But with Vic Forests continuing to log old growth forest coupes in the Central Highlands, the question becomes one of will a new National Park come too late to save Leadbeater's possum species, and it's associated forest ecosystem, from extinction?
world's most carbon dense in terms of carbon sequestration, and yet this is seldom included when assessing their economic value for forestry and logging exploitation. Logging of mountain ash forests also increases bushfire risk and the risk of megafires, and creates the potential for a landscape trap that could change the ecosystem permanently.
As a result of the Black Saturday bushfires in February 2009 around 43-45 per cent of the Leadbeater's possum population was decimated due to the loss of much of the old growth mountain ash forest. To conserve habitat remaining old growth forest should have been reserved, instead the rate of logging of these forests has continued apace. A study by Burns et al (2014) (Full PDF) concluded there is a 92% chance the Leadbeater’s ecosystem in the Victoria central highlands will collapse within 50 years.
"Our overall ranking of risk of collapse for the ecosystem was Critically Endangered. We are confident that this risk category is appropriate because all 39 scenarios modelled indicated a ≥92% chance of ecosystem collapse by 2067. Our findings highlight the important need for timely policy reform to facilitate improved management of the mountain ash ecosystem in Victoria. In particular, there needs to be greater protection of remaining areas of unburned forest, and restoration activities in parts of the forest estate. Implementation of these strategies will require a significant reduction in logging pressure on the mountain ash ecosystem." concluded the study.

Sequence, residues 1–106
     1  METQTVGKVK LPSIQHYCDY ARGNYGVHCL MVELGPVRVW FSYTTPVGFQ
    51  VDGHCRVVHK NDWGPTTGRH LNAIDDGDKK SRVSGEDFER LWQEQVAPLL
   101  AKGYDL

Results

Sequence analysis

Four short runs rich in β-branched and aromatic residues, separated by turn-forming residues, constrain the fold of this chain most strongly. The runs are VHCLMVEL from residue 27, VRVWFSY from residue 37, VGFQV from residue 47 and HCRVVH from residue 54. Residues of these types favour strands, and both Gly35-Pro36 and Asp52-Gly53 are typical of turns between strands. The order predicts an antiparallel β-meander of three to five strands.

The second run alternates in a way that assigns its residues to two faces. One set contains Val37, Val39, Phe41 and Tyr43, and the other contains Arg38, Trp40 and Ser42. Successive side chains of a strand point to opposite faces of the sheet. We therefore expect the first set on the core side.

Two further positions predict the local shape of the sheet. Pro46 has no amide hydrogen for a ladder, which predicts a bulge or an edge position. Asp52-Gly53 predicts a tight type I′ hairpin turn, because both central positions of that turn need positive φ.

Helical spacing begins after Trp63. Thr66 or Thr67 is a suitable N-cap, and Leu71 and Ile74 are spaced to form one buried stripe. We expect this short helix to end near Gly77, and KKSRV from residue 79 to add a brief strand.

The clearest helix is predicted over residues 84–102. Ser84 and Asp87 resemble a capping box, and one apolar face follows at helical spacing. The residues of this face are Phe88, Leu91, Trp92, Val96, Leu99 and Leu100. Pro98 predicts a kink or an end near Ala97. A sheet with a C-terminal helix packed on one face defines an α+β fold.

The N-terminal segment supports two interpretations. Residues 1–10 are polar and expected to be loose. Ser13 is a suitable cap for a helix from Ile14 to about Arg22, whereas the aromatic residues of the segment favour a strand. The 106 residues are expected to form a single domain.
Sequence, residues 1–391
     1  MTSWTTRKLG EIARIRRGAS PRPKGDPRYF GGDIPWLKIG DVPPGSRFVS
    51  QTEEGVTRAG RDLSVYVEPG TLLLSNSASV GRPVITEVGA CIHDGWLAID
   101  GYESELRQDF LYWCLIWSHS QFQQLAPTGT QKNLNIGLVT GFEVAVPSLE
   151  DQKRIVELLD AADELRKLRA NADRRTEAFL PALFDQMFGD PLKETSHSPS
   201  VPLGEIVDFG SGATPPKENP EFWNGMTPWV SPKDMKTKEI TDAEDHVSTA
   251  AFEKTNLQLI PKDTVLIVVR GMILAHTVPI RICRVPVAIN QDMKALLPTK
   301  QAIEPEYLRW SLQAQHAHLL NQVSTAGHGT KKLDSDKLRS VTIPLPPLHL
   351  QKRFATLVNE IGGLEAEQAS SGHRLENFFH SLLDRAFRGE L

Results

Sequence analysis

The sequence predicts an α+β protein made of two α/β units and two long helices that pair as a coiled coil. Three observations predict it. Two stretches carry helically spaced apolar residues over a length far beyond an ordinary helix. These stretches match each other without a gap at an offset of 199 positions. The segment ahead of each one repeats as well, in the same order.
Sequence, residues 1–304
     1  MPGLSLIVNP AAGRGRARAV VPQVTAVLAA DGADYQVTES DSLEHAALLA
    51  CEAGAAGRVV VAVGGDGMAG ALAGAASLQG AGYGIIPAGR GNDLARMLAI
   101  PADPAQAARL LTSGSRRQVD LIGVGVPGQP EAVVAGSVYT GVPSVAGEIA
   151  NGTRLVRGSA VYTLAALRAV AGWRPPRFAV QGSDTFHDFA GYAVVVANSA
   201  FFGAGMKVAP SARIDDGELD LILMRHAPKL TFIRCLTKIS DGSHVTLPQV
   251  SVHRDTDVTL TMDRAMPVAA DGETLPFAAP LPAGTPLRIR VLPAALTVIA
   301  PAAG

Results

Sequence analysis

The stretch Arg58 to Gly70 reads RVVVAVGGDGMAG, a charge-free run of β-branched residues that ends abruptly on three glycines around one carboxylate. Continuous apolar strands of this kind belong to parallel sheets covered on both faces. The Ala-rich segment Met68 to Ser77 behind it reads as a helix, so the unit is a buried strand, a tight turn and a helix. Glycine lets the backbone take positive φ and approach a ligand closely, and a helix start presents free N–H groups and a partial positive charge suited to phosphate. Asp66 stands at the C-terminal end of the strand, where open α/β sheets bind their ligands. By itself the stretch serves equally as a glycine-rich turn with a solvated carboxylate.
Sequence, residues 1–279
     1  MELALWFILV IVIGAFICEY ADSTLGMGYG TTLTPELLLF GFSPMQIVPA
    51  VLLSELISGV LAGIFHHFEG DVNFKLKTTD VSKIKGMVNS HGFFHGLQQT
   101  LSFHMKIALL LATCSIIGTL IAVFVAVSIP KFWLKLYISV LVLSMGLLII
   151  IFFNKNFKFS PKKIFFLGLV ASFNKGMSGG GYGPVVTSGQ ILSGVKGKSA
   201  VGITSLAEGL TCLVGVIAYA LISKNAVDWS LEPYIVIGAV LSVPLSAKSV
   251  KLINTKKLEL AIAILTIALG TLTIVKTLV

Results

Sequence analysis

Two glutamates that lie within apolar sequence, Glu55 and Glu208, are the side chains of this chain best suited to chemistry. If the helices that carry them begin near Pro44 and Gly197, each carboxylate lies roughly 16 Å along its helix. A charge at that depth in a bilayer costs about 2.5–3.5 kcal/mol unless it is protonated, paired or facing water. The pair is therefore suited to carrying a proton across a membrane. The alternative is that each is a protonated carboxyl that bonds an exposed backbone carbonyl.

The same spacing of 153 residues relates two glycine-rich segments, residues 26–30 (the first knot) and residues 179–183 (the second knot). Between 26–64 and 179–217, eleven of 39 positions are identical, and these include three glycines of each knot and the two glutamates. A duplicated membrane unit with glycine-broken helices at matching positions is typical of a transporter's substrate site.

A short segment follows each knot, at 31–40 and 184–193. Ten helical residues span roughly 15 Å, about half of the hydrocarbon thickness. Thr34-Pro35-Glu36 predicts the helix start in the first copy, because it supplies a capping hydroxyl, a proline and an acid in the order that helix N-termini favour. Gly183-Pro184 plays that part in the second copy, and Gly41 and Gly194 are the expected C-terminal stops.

Leadbeater's possum is not a very big creature, weighing in at about 150 grams, but it's small size makes it very photogenic and appealing when one is captured or displayed at Healsville sanctuary, run by Zoos Victoria. In the wild they are seldom seen as they are mostly nocturnal creatures foraging during the night with their big eyes, and resting in their nests in tree hollows during the day.